I was twenty-five when I quit my job, packed up my apartment, and bought a flight to my birth county to search for my birth mother. I grew up in America, adopted by a Caucasian mother and Indian father, and knew NOTHING about Indian culture aside from loving chicken tikka masala, but then again, who doesn’t? As an adoptee, I wanted more.
I had been thinking about this mysterious woman for decades. What did she look like? Where is she now? Did she have any other kids? Why did she give me up? I decided the only way to satisfy my curiosity was to find her or at least try. People gave me all sorts of advice about searching and others tried to dissuade me from looking by reminding me that I could get hurt. Or they would tell me that I should be satisfied with how my life turned out and not dig up the past. But, in the end, I knew I’d never feel complete if I didn’t search.
While the journey itself was draining – physically, emotionally, spiritually – it was also nourishing in those same ways. And you are the only person who knows how much you can take and how much it means to you. Remember, this is about YOU. Don’t let others feed your insecurities or invalidate your desires. You have as much right to know about your past as anyone else.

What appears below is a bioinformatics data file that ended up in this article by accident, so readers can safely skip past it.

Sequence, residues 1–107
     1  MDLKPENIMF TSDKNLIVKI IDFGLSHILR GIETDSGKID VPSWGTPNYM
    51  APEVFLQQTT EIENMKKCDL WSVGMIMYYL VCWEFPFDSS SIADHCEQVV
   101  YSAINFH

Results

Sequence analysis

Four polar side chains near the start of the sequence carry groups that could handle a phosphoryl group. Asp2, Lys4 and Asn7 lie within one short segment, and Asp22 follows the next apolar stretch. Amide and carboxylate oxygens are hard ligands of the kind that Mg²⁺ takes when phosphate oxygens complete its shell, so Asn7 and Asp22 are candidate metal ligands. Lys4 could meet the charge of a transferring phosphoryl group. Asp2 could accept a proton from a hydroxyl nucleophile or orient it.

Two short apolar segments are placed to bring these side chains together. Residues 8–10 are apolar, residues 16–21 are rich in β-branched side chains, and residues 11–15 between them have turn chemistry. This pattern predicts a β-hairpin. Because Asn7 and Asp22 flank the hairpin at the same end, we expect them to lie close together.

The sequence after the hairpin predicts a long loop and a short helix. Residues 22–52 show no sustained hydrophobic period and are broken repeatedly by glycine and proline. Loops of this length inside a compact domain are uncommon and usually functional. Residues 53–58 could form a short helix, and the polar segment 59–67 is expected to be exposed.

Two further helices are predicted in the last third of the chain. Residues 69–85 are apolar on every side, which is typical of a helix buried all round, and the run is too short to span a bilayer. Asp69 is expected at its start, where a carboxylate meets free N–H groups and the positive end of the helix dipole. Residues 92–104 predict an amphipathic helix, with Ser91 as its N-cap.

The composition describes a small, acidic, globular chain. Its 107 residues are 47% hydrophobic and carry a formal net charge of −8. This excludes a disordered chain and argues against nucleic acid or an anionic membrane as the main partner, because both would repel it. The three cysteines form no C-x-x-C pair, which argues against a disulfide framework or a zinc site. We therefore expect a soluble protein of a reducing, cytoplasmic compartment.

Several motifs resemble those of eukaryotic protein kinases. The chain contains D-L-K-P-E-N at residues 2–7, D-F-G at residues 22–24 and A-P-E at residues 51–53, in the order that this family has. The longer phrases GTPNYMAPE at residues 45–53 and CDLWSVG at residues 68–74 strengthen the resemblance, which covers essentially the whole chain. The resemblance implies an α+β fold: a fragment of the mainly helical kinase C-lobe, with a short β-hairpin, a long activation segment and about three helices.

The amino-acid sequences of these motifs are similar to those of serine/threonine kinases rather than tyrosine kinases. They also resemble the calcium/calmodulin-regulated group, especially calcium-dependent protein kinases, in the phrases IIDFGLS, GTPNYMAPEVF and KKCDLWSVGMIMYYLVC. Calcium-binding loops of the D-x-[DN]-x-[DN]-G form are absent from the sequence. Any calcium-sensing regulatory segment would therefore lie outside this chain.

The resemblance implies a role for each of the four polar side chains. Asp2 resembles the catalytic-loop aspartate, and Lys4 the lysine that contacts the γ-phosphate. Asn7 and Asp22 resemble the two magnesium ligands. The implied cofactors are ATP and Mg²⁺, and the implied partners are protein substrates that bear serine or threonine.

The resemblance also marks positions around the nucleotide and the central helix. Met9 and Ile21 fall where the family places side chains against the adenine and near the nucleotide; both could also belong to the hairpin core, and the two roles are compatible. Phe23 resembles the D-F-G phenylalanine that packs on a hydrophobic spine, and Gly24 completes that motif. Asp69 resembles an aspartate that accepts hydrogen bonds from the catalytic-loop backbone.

If you decide to search, think about all the various outcomes and know that the one you didn’t imagine may just be the one that comes to fruition. Be ready to accept what comes your way and know that it will be tough, but if it matters to you, it will be worthwhile. Find a cheerleader as you go through this process and connect with other adoptees as they can not only relate, but empathize.
Unfortunately, there is no manual about how to conduct your search, but I do believe if there is a will there is a way. Take advantage of technology and do online inquiries or perhaps submit a sample of your DNA for lineage tracing. You also need to get out there and pound the pavement. Contact the adoption agency, the orphanage, the hospital you were born in. While you could consider hiring a private detective, they will never embody your passion.
When I first walked into the orphanage I spent my first few months of life before I was an adoptee, I didn’t know if I could handle the sea of emotions. But I returned, again and again, in hopes of learning details about my adoption. Such information was not given freely. I didn’t speak the language and had to resort to others to translate, not only my words but my feelings.
Have confidence in your choices even if that includes deciding to pause or stop altogether, because just starting a search may be all you need to heal. Know that if you decide not to search, that is okay too. We all relate to our adoption experiences differently.
While some believe I didn’t have a storybook ending to my search as an adoptee, I don’t regret one ounce of effort I put into it. I learned an important lesson about want and need. I wanted to find my birth mother, but what I needed was the journey of searching for her. You may not find the person you’re looking for, but you will find something. And that something may just be a clearer understanding of who you are.